WOW Lynn those are some great substitutes! Thank you so much. I had the pleasure of living in Germany in the mid 90’s. I miss a lot of the food too. I remember the mushroom schnitzel, I loved the rahm schnitzel, it was like a cheese sauce if I remember correctly. Oh and the bread…it was great, the brochen (small rolls that were crispy on the outside) was one I really liked. Thanks again for the great substitutes the egg one is very helpful.

  2. candy mason says:

    thank you for this. the instant puddings give me the hives, dont know why. so I will use this.
    Thanks again!

  3. Roz Ward says:

    A question about the vanilla extract: is the vanilla in the above recipe liquid, and if so, would it not make a bit of a sticky mess when added to the dry ingredients? Also, I would have thought that it would cause problems for storing the mix?

    • I tried it the other day and adding a small amount doesn’t really affect the large quantitiy of dry. I doesn’t make it sticky or messy. There is no problem so far with storage, but I only did it a few days ago.

  4. I actually was also wondering how to add a small amount of liquid to all of those dry ingredients. I hope this question gets answered. Thanks!

  5. PS By “this question,” I was referring to Roz’s question above mine. :D (I thought mine would post as a reply to her’s.)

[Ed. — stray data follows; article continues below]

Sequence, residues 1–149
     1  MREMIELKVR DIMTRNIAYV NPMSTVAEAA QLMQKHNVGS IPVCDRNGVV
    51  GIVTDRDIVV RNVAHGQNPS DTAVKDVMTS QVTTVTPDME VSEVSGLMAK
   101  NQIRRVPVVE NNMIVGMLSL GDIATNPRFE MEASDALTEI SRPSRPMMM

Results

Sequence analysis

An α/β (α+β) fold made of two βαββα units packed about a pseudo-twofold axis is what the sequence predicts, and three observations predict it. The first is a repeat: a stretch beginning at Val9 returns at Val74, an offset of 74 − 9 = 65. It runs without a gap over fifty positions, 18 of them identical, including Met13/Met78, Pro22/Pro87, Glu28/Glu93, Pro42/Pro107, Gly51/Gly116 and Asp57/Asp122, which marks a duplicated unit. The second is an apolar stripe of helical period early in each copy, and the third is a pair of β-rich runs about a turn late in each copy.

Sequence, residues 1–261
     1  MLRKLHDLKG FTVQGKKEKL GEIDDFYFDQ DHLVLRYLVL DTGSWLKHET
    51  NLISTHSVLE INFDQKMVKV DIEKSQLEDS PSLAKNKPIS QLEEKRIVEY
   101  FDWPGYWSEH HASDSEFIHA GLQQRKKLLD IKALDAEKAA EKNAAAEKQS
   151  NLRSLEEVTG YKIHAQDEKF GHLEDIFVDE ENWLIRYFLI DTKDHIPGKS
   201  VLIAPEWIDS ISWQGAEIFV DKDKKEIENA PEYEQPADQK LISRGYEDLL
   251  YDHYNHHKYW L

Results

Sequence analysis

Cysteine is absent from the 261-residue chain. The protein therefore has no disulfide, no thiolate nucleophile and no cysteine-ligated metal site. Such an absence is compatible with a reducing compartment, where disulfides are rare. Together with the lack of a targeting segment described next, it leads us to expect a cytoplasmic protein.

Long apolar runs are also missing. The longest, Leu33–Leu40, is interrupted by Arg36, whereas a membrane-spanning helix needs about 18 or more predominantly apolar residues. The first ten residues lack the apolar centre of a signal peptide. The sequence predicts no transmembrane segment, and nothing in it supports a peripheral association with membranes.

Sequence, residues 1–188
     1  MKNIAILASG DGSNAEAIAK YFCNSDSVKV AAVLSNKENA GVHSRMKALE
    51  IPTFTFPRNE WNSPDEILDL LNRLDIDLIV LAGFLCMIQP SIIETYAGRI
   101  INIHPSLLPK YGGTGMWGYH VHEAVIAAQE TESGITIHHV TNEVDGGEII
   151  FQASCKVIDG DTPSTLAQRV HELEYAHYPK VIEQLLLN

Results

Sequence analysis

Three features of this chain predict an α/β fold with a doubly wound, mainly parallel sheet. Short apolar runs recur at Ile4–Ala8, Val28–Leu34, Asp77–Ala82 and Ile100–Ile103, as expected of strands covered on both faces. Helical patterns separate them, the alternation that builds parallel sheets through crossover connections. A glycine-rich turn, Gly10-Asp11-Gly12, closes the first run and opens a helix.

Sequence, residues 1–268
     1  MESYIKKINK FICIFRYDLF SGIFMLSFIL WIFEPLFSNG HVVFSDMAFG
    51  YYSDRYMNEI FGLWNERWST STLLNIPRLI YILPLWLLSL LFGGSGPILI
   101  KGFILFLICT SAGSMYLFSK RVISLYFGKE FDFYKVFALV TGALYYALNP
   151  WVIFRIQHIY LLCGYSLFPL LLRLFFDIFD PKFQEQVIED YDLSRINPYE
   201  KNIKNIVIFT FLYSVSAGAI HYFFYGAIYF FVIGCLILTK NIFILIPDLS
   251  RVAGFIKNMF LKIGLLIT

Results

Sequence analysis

6. Sherry says:

    Is the 1/2 cup equivalent to a small box of pudding or a large box? Thanks.

  7. Was there ever an answer to the vanilla extract question???

    • Hi Carla! This is our recipe, and the extract absorbs evenly into the dry ingredients but you can mix all your dry first before adding in the extract. You can store it at room temperature, though we recommend preparing and using it within a couple of days. Does that help?

  8. I was wondering if you could tell me how to flavor this mix with caramel since I never find that type of instant pudding mix. Have you made lemon before?

  9. Couldn’t I mix the dry ingredients together and keep in a mason jar, and add some vanilla flavoring to the bread while I’m mixing in the starter?
    And yes, I’d like to know how much homemade pudding mix makes a box. I know there is 4 ounces in a half cup, and my recipe has always called for a 5 and 1/2 ounce box of instant pudding.
    Plus, if this makes 10 cups, and I only bake every ten days, I need to store this for 200 days!

    • As for adding the vanilla as you mix it in to the bread, that may be hard to figure out the measurement for that (I think it is close to 1/4 tsp for 1/2 cup?). But if this makes 10 cups I don’t see why you can’t half the recipe and store it in the refrigerator.

    • The boxes are measured based on weight, not volume. Common misconception when it comes to baking. A 5.5 oz box of mix WEIGHS 5.5 oz. But 1/2 cup is 4 FLUID ounces, which is a measure of volume. They aren’t quite the same. :-)

      • Great distinction, Kelsey, thank you! The instant pudding from Jell-O come in 3.4 and 5.5 oz boxes, and the circulating instructions and recipe are a bit loose on 1 or 2 boxes per recipe without specifying a size (we generally use 1 box small), so we’ve found that 1 cup works out about just about right.

  10. Has anyone used this recipe to make actual pudding, not used in baking? I’m assuming you’d need to cook it, so the cornstarch would thicken, but hoping maybe someone could tell me how long to cook it? Thanks!